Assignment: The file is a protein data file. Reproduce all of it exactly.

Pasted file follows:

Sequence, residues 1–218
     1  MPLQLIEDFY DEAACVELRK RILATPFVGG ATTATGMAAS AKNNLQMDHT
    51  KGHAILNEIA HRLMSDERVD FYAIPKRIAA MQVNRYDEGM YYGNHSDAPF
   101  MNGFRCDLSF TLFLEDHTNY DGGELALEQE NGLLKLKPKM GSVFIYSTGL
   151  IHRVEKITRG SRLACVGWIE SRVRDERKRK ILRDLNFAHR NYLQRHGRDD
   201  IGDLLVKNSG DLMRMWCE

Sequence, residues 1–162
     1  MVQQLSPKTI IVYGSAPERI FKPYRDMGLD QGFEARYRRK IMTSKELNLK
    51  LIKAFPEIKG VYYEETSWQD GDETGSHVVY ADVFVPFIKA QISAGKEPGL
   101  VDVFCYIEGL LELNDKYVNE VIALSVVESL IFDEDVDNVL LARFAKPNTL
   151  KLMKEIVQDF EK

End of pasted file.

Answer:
Sequence, residues 1–218
     1  MPLQLIEDFY DEAACVELRK RILATPFVGG ATTATGMAAS AKNNLQMDHT
    51  KGHAILNEIA HRLMSDERVD FYAIPKRIAA MQVNRYDEGM YYGNHSDAPF
   101  MNGFRCDLSF TLFLEDHTNY DGGELALEQE NGLLKLKPKM GSVFIYSTGL
   151  IHRVEKITRG SRLACVGWIE SRVRDERKRK ILRDLNFAHR NYLQRHGRDD
   201  IGDLLVKNSG DLMRMWCE

Sequence, residues 1–162
     1  MVQQLSPKTI IVYGSAPERI FKPYRDMGLD QGFEARYRRK IMTSKELNLK
    51  LIKAFPEIKG VYYEETSWQD GDETGSHVVY ADVFVPFIKA QISAGKEPGL
   101  VDVFCYIEGL LELNDKYVNE VIALSVVESL IFDEDVDNVL LARFAKPNTL
   151  KLMKEIVQDF EK